Month: September 2013 (Page 1 of 2)

My father, the architect

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One of the last things I did in Seattle was hunt down this building. It’s not hidden or anything; it sits plainly on the corner of Marion St. and 5th Ave. It’s got a little café in the ground floor. And a newsstand. But I didn’t know any of that when I set out to find it. All knew was what my father had told me over the phone. Vague memories from decades ago.

4th Ave. About 35 stories tall. Cross-hatching support beams that you can see from the outside. I think it’s brown with black windows. And it used to be owned by a bank.

Some of those things are true. Others are not.

The reason my dad wanted me to find this building is that he had been part of the team that designed it, back when he worked for a big architectural firm. He has always done that: pointed out bits of history that are interesting or important to him, thinking they’ll be interesting or important to everyone else too. Growing up I thought it was cool, then lame, then annoying, then endearing. Now that I’m an adult, I think it’s all of those things at once.

Scanning the skyline from the Bainbridge ferry and later the Seattle monorail, I saw a handful of possible candidates, including one that I desperately hoped was not his, because it looked like “some ugly federal building.” But upon closer inspection, none of them had the cross-hatching support beams that my dad swore would confirm his building’s identity. It was like a litmus test, or a birthmark.

Fueled by a sense of daughterly duty, I decided to reserve my last morning in Seattle for tracking down my dad’s building. The strap of my duffel bag dug into my shoulder as I hiked up and down the hills, certain that somehow I could find this thing. Certain that my dad’s role in the project would echo through the years and serve as a homing beacon for me to follow.

That did not happen.

In the end, it took another phone call to my dad — who now said that the building was white or silver, not brown, and that it had retail space at the bottom — with an assist from Google to figure out which building it was. But then, at long last, I found it. Better yet: I liked it.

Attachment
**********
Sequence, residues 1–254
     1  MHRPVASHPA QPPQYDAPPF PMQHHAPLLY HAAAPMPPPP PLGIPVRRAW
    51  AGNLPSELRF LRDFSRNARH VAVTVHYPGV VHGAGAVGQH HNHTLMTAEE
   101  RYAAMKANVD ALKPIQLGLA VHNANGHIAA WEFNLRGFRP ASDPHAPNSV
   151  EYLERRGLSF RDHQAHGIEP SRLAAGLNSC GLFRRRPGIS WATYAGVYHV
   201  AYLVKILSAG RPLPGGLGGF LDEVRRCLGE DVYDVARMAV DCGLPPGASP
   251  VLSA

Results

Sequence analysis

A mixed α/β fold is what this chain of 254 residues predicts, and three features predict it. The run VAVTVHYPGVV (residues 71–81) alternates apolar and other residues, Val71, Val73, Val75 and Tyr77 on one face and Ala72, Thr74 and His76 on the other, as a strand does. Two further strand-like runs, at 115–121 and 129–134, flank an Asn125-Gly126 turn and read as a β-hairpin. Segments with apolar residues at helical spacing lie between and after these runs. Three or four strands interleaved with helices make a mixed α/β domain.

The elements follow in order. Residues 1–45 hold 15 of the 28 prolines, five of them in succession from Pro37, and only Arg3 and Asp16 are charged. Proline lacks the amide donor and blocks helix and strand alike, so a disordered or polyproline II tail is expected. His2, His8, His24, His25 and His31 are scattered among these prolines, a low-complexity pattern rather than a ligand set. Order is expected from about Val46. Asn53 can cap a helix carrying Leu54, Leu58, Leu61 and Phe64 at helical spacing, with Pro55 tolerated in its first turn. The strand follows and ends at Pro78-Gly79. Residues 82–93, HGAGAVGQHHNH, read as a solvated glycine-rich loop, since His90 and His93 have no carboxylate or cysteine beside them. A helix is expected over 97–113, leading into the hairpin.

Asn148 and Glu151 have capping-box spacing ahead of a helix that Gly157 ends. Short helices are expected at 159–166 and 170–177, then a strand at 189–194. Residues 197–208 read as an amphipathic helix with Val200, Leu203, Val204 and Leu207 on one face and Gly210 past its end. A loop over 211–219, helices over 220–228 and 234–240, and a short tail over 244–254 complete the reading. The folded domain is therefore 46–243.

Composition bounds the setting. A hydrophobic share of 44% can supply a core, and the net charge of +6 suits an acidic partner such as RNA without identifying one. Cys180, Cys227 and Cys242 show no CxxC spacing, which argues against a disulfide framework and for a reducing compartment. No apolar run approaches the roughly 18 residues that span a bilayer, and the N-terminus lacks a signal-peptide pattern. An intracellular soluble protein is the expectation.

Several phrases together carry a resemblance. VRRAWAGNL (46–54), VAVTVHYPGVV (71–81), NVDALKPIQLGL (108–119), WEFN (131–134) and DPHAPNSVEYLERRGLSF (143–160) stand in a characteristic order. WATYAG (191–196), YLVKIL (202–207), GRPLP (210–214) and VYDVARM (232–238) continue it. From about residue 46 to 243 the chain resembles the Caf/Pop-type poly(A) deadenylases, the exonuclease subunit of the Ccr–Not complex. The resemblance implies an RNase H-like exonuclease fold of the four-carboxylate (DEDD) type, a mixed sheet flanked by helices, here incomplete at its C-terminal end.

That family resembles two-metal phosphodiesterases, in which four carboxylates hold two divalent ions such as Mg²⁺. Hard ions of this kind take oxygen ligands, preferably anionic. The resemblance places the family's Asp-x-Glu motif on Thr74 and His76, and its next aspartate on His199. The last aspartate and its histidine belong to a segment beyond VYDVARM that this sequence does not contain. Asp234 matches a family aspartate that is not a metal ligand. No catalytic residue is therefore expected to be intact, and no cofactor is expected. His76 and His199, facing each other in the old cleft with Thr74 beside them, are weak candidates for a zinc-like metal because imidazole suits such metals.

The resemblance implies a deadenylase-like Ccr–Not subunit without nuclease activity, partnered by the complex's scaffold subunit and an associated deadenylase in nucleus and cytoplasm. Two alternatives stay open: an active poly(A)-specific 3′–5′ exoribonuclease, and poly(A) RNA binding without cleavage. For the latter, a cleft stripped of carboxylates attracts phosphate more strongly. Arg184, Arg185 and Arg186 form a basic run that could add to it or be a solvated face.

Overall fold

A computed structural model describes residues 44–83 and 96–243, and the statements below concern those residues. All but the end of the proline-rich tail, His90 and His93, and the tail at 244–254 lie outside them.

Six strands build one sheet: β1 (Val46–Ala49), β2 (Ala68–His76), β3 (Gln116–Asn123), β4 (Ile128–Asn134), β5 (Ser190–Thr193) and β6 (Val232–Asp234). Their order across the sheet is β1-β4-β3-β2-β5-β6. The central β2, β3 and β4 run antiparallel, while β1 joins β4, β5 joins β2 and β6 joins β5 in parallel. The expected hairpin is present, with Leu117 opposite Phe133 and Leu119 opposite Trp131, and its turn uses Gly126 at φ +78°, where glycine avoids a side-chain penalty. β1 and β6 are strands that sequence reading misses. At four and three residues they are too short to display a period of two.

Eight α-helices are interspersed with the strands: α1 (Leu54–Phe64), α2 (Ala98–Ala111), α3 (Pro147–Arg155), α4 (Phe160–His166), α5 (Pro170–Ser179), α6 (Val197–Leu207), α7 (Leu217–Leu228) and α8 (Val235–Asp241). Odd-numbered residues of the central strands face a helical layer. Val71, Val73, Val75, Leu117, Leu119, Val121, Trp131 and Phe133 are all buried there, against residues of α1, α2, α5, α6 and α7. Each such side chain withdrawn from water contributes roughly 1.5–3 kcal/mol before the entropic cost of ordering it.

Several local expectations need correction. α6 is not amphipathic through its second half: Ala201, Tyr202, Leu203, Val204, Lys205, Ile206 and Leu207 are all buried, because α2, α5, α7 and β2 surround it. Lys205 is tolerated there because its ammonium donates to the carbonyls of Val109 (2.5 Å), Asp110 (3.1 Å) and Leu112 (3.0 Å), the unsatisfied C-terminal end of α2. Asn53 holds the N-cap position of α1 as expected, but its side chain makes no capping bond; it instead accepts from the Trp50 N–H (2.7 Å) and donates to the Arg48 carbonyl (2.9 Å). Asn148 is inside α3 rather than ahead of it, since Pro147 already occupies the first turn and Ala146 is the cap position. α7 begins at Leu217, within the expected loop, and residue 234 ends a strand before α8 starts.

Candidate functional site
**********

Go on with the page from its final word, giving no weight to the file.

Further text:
Though it was built 30 years ago, it still looks modern. There is good attention to detail (at least from what I could see) and those cross-hatching beams are subtle, but nice. After taking it all in, I went inside — and I found myself hoping that I would have to sign in at a security desk, or at least that I would look lost enough for someone to ask me what I was doing there. And then I could say, “Oh, I’m here because my dad’s an architect. He designed this building.”

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Chihuly in photos

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More Chihuly. #seattle Have I mentioned: Chihuly? #seattle
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Author-friends and the Panama Hotel

First, some quick backstory:

  • Once upon a time, I saw HOTEL ON THE CORNER OF BITTER AND SWEET in a bookstore, saw that the author (Jamie) was coming to do a reading/signing, realized he was a fellow halfie, and decided to check it out. Bought the book and loved it. Friended Jamie on Twitter.
  • Fast forward a couple years, and Google launches their Hangouts feature, which lets you video chat with multiple people. Jamie starts hosting Wednesday Writer’s Hangouts. I join in and meet a bunch of cool peeps, including Aprilynne Pike, Ben L.J. Brooks, and Dustin Hansen.
  • Fast forward another year or so, to 2013, and I decide to visit Seattle over Labor Day. Jokingly, I tell Jamie, Ben, Aprilynne and Dustin that we should all meet up there. To my surprise, they agree. In fact, they book their hotels before I’ve even bought my plane tickets! Holy crap, this is really happening.

So about halfway through my Seattle trip, I took a break from sight-seeing to join this elite literary cadre for tea, pho, and a special tour of the Panama Hotel. The hotel’s owner (who knows and loves Jamie) even took us down to the sento — the only Japanese bath house in Seattle that’s still intact.